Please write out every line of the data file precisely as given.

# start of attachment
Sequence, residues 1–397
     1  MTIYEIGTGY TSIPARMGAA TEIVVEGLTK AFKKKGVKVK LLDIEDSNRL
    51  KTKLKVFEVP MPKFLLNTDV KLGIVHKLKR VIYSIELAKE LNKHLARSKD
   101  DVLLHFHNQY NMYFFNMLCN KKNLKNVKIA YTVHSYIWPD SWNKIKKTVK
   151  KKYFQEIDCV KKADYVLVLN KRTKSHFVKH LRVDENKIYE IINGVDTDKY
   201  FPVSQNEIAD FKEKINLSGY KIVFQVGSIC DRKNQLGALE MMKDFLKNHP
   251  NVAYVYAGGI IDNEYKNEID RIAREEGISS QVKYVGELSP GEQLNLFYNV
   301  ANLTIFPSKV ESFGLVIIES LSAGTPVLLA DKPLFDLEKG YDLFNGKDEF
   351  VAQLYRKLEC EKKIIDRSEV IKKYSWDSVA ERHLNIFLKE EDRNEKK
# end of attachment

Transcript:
Sequence, residues 1–397
     1  MTIYEIGTGY TSIPARMGAA TEIVVEGLTK AFKKKGVKVK LLDIEDSNRL
    51  KTKLKVFEVP MPKFLLNTDV KLGIVHKLKR VIYSIELAKE LNKHLARSKD
   101  DVLLHFHNQY NMYFFNMLCN KKNLKNVKIA YTVHSYIWPD SWNKIKKTVK
   151  KKYFQEIDCV KKADYVLVLN KRTKSHFVKH LRVDENKIYE IINGVDTDKY
   201  FPVSQNEIAD FKEKINLSGY KIVFQVGSIC DRKNQLGALE MMKDFLKNHP
   251  NVAYVYAGGI IDNEYKNEID RIAREEGISS QVKYVGELSP GEQLNLFYNV
   301  ANLTIFPSKV ESFGLVIIES LSAGTPVLLA DKPLFDLEKG YDLFNGKDEF
   351  VAQLYRKLEC EKKIIDRSEV IKKYSWDSVA ERHLNIFLKE EDRNEKK